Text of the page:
Maj. Gen. Richard Coffman, director of the US Army Futures Command’s Next-Generation Combat Vehicle Cross-Functional Team, suggested in a webinar China poses a “pacing threat” to the US. Urging the US to push for a “modernisation to overmatch” China’s People’s Liberation Army, the Major General insisted land warfare will be decisive in a potential war with Beijing.
Speaking on the webinar, organised by the Centre for Strategic and International Studies, Maj. Gen. Coffman urged the US to rethink future conflicts with China.
He noted the US’ Indo-Pacific Command (INDOPACOM) covers 2.7 billion sq. km of land and 50 percent of the world’s population.
But he added most “look at the INDOPACOM area of operations as a maritime theatre”, while land combat “will be the only component that will be decisive”.
Maj. Gen. Coffman then said: “If you want to take land, if you want to hold land, if you want to clear land, you will [need] the ground element.”
Hitting back at critics of the US Army who view tanks and forces of relics of the past, Maj. Gen. Coffman said America’s “pacing threat lies in China”.
He said: “It’s not just about tanks, though China’s got plenty of them: 7,000 tanks and 3,000 infantry fighting vehicles — 10,000 vehicles that will be decisive if we are not there.
“In order to be decisive, we have to be there with armour to prevent the Chinese from getting into a position of relevant advantage.”
He then called on the US to increase its defence spending to match China as “they are competing with us globally”.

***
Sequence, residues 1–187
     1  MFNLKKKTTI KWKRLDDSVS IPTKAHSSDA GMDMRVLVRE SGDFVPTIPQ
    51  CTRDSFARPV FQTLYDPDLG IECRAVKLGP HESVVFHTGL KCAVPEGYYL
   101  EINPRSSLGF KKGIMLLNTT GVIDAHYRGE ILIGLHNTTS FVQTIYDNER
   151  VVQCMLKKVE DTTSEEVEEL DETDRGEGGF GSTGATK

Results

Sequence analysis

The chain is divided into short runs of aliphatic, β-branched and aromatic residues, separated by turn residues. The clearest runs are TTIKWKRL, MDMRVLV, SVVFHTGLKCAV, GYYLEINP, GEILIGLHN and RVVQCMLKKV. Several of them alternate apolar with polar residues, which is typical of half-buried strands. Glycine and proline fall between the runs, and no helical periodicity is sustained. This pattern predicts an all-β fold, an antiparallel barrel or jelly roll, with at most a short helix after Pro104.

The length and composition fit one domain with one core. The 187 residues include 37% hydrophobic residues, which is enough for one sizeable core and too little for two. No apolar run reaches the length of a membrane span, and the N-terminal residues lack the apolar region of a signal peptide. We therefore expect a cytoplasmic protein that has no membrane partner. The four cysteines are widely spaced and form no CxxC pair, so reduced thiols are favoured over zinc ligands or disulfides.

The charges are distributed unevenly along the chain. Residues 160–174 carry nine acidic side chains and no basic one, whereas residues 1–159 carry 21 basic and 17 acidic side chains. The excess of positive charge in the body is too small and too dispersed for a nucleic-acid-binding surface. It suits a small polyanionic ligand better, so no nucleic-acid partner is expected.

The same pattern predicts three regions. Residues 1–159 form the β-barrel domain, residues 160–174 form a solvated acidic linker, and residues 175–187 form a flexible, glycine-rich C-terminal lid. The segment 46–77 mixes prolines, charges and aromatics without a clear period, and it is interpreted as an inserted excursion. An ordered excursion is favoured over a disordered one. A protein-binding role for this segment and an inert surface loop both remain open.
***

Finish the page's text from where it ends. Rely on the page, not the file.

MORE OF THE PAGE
It follows Chinese President Xi Jinping calling for a “good start” in strengthening national defence and the armed forces in an address to the 13th National People’s Congress.
Laying down requirements for ensuring the good start in the military development for the next five years, Xi said development of the armed forces must focus on combat readiness.
Xi also demanded efforts to step up building high-calibre strategic deterrence and joint operation systems.
At the start of the year, Xi called on his troops to be ready for war “at all times”.
It also comes as the US kicks off a flurry of diplomatic engagements with Asia, including a virtual meeting with Australia, Japan and India on Friday.
President Joe Biden’s Secretary of State Antony Blinken and Secretary of Defense Lloyd Austin are also traveling to North Asia early next week to reassure Japan and South Korea of longstanding security agreements, before Mr Austin goes onto India.
White House Press Secretary Jen Psaki said of the plans: “That President Biden has made this one of his earliest multilateral engagements speaks to the importance we place on close cooperation with our allies and partners in the Indo-Pacific.”